I thought it would be a good article to review a hub overhaul on a nice set of Mavic wheels before your spring riding season heats up (at least on the East coast). Mavic wheels are quite popular today and the first important thing to remember is that with only minor variation, most Mavic hubs are built similarly and can use the same freehub body on any of their wheels (Occasionally an older freehub will need a sleeve included with new freehub bodies today, but otherwise is the same). These wheels have a simple yet elegant design that holds up under a variety of riding conditions, is tubeless and 11 speed compatible, and resists corrosion and wear exceptionally well. The Ksyrium (pronounced “Seerium”) is Mavic’s most prominent wheel and is competitive in both weight and ride quality to most other major wheel manufacturers.
However, despite all of these great points, the hubs still need servicing to remain in top shape and performance and doing so will greatly extend the life of the wheel. A lack of maintenance can lead to a slower wheel, and when coasting, a high pitched squeal. This is indication that the inside of the freehub body is dry as well as the rubber seal the freehub sits on. Dirt and water can still invade the bearings even though they are “sealed” and the dirt can cause wear on an otherwise forever-lasting freehub body. Most of the wheels that need the freehub body actually replaced are due to a lack of scheduled maintenance rather than it simply wear out due to riding alone. Let’s dig in!
The front hub is really easy. it requires the Mavic tire lever and a 5mm hex key. On the end of the tire lever is a U-shaped curve with two pins on each side. These pins fit exactly into the holes on the non-drive side of the front hub. the 5mm hex key is inserted into the opposite side of the hub through the axle. Loosen the axle with the 5mm hex key (CCW) while holding the tire lever in the preload cap with the pins. When reassembling, we will discuss its purpose. Once the preload cap is off of the hub the axle can be pulled out through the side with the hex key. Inspect the bearings on each side as seen below.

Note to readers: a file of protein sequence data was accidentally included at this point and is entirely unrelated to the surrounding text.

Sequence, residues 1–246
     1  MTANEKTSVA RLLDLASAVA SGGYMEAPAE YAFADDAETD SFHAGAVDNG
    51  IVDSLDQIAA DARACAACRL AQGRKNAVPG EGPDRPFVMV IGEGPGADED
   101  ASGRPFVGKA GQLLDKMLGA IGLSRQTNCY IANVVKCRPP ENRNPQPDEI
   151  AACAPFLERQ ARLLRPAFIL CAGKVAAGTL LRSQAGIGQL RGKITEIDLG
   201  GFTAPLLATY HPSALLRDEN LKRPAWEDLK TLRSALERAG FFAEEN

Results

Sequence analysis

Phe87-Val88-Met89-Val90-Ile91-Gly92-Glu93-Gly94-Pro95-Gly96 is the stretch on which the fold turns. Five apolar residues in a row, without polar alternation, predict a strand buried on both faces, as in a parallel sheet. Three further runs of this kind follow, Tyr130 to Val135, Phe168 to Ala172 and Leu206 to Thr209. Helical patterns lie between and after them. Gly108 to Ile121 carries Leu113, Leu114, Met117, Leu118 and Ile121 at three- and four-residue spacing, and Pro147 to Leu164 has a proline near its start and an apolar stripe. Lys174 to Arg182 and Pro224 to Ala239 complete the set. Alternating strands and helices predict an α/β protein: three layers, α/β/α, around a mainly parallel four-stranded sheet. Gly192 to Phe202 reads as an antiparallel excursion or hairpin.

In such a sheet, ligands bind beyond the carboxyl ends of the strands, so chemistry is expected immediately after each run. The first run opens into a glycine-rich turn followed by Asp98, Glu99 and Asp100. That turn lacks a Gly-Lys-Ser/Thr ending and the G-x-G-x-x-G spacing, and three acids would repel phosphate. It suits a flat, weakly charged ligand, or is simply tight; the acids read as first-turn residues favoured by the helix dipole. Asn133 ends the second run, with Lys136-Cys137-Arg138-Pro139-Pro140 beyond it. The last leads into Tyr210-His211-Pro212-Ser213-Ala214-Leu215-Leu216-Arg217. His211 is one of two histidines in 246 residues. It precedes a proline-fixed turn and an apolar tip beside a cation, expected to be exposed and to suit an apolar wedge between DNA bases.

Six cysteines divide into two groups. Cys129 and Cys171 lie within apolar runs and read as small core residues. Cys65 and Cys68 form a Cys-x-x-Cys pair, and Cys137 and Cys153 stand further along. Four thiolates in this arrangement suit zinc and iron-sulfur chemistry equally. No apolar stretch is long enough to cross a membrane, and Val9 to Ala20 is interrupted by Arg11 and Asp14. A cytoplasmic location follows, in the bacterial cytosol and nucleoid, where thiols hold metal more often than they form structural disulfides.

You’ll likely notice a bit of grease and dirt on the bearing seals. With a bit of isopropyl alcohol, clean the hub area around the bearings and then rotate the bearings to check for gritty spots or rough turning. You should feel continuously smooth rolling with no drag points if the bearings are in good shape. If they do need replacement, they can be ordered from your local shop and easily installed with a small bearing puller and bearing press. This article doesn’t cover the actual replacement of the bearings, but a video is being planned to detail appropriate bearing removal and installation.
Continuing on, if the bearings are in good shape, use isopropyl alcohol to wipe down and clean the preload cap and the axle. be sure to pop the end of the axle off that are fitted by compression using o-rings. It is a great idea to apply a small amount of light grease to these so that they will not creak or be difficult to remove for cleaning. Inspect the o-rings for cuts or abrasions and replace as necessary.